Alleyne had no impact on Coats’s sentencing enhancement based on his prior
convictions, Coats’s equitable tolling argument necessarily fails as well.
Accordingly, his 2255 motion is due to be dismissed.
DENIAL OF CERTIFICATE OF APPEALABILITY
Pursuant to Rule 11(a) of the Rules Governing 2255 Proceedings, the court
finds that a certificate of appealability in this case is not well-founded, and any
application for one is due to be denied. 28 U.S.C. foll. 2255, Rule 11(a) (“The
district court must issue or deny a certificate of appealability when it enters a final
order adverse to the applicant.”). The habeas corpus statute makes clear that an
applicant is entitled to appeal a district court's denial of his habeas corpus petition
Coats thus has admitted that the first four grounds in his petition, which he
does not even argue were impacted by Alleyne, are not “credible.”
only where a circuit justice or judge issues a certificate of appealability. 28 U.S.C.
2253(c)(1). A certificate of appealability may issue only where “the applicant has
made a substantial showing of the denial of a constitutional right.” 28 U.S.C.
2243(c)(2). Where, as here, a habeas petition is being denied in its entirety on
procedural grounds without reaching the merits of an underlying constitutional
claim, “a COA should issue [only] when the prisoner shows ... that jurists of reason
would find it debatable whether the petition states a valid claim of the denial of a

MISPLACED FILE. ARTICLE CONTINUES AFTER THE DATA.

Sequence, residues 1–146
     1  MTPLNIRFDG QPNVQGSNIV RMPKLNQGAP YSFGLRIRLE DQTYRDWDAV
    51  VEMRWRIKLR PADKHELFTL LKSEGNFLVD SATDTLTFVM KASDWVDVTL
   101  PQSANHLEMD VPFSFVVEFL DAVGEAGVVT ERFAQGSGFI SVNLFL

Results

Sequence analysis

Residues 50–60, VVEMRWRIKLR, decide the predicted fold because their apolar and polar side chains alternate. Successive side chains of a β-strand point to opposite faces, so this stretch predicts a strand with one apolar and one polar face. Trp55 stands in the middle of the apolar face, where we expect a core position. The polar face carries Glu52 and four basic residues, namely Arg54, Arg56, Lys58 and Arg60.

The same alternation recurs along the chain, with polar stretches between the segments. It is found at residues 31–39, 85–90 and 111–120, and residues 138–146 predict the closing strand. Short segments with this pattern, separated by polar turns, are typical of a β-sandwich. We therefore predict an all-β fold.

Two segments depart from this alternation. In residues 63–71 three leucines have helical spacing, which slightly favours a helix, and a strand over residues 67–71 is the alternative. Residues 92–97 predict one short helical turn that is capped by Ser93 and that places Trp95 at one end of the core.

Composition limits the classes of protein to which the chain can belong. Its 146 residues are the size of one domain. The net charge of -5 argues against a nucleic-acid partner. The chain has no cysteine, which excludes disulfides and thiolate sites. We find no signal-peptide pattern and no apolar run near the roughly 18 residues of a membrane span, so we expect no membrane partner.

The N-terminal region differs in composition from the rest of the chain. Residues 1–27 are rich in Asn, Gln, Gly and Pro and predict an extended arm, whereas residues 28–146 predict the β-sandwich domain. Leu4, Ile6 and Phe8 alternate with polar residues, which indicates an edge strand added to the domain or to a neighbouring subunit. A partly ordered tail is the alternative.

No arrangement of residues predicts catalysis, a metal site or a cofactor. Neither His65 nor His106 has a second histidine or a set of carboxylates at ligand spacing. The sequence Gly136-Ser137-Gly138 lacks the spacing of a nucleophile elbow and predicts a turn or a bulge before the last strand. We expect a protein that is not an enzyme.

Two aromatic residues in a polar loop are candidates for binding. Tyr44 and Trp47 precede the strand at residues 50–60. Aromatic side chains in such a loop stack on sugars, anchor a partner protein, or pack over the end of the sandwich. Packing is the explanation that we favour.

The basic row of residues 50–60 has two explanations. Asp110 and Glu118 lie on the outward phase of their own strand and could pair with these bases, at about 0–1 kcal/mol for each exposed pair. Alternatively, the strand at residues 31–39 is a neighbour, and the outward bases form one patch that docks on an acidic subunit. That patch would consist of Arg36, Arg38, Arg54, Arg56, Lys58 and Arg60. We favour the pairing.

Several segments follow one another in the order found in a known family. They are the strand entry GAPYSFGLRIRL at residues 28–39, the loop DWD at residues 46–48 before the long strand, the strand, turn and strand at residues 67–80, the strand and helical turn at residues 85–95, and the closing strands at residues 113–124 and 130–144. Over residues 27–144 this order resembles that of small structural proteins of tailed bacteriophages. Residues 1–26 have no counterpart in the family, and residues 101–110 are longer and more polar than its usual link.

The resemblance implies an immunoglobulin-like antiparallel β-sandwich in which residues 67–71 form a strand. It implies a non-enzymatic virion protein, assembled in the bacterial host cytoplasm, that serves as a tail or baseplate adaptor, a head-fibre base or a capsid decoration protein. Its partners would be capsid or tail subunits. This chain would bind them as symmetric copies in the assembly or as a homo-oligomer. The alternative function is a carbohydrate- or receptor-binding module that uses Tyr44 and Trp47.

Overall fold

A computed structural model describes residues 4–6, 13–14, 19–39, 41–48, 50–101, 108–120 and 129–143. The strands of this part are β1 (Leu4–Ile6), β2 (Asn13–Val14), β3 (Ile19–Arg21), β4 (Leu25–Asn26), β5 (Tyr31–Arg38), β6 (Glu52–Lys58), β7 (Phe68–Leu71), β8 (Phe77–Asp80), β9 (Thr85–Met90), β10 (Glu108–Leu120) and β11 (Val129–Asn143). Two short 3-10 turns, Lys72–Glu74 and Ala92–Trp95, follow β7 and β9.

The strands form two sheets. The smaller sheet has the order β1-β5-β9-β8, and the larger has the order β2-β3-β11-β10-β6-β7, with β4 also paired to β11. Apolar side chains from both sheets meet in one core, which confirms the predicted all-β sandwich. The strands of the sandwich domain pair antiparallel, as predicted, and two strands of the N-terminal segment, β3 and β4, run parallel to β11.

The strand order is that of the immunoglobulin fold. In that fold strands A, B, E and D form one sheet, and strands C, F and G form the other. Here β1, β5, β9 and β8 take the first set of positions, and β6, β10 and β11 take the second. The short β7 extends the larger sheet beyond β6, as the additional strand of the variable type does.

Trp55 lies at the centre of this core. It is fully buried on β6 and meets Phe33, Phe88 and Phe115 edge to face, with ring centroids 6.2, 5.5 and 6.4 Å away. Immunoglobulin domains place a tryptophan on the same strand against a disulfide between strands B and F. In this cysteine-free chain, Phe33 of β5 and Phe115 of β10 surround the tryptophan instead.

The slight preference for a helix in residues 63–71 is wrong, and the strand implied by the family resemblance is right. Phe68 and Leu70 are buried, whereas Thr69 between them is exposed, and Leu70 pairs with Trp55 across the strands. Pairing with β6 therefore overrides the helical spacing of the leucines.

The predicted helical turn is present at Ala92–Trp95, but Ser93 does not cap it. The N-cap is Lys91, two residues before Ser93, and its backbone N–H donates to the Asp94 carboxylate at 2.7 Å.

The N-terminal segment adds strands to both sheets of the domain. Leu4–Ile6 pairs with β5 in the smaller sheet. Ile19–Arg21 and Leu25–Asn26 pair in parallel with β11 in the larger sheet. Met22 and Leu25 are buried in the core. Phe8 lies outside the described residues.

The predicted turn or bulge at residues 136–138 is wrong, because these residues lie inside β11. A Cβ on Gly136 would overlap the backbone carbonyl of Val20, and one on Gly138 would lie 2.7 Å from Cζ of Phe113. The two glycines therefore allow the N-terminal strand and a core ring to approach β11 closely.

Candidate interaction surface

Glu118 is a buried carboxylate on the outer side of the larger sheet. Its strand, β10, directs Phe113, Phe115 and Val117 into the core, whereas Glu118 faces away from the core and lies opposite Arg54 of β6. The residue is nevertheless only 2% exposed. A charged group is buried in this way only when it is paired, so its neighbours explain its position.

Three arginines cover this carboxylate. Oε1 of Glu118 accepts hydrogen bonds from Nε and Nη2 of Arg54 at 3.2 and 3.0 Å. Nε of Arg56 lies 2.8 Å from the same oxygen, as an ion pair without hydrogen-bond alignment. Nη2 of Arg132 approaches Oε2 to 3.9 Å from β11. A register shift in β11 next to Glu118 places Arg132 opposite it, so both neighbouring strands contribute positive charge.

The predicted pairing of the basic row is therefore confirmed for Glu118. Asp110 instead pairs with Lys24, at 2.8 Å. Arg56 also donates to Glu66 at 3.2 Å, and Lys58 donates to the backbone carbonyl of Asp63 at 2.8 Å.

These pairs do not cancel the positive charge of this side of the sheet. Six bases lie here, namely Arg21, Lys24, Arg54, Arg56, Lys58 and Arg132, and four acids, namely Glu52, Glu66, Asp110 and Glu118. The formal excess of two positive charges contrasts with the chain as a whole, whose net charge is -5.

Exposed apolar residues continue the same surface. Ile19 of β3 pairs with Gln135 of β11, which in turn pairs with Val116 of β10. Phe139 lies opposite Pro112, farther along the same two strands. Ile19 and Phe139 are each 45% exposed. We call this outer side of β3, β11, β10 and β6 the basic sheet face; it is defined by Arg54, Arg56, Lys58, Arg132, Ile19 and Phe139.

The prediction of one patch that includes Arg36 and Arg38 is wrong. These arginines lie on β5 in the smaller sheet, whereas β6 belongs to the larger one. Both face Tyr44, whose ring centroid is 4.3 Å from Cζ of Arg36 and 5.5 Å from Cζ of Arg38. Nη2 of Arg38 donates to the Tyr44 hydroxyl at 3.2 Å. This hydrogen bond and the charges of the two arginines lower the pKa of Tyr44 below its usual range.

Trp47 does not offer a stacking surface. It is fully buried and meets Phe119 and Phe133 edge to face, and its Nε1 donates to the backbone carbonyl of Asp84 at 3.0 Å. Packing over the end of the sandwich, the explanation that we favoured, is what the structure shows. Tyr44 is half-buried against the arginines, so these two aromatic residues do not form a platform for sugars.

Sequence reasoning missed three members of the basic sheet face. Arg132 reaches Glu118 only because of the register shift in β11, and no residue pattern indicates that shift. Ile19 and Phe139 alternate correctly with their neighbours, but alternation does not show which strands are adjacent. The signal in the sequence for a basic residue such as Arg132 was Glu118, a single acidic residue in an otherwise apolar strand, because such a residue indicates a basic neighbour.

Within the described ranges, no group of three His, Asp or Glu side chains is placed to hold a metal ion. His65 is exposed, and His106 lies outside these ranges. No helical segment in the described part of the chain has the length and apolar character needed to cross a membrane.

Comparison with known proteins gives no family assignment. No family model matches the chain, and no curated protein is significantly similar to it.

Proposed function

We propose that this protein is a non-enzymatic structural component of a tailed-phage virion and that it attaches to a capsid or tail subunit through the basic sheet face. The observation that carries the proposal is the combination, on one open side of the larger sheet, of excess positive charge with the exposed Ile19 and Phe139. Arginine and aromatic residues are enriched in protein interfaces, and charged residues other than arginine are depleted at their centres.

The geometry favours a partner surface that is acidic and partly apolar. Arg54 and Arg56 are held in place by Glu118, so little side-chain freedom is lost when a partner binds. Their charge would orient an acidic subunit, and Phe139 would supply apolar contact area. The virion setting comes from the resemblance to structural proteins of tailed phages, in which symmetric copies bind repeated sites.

constitutional right and that jurists of reason would find it debatable whether the
district court was correct in its procedural ruling.” Slack v. McDaniel, 529 U.S.
473, 484, 120 S .Ct. 1595, 1604, 146 L.Ed.2d 542 (2000). Given the applicability
of the one-year limitations period in this case, a reasonable jurist could not
conclude that this Court is in error for dismissing Coats’s motion to vacate, nor
could a reasonable jurist conclude that Coats should be allowed to proceed further
with respect to his claims. Id., 529 U.S. at 484, 120 S.Ct. at 1604 (“Where a plain
procedural bar is present and the district court is correct to invoke it to dispose of
the case, a reasonable jurist could not conclude either that the district court erred in
dismissing the petition or that the petitioner should be allowed to proceed
further.”). Accordingly, Coats is not entitled to a certificate of appealability.
The instant Motion is dismissed as time-barred pursuant to 28 U.S.C.
2255(f)(1). Alleyne does not apply retroactively. Even if it did, Alleyne did not
change the law regarding a sentence enhancement, such as Coats’s, which is based
on a prior conviction. Finally, at sentencing, Coats admitted his prior conviction.
Coats is not entitled to a certificate of appealability and, therefore, he is not entitled
to appeal in forma pauperis.
DONE and ORDERED this the 30th day of May, 2014.
VIRGINIA EMERSON HOPKINS
United States District Judge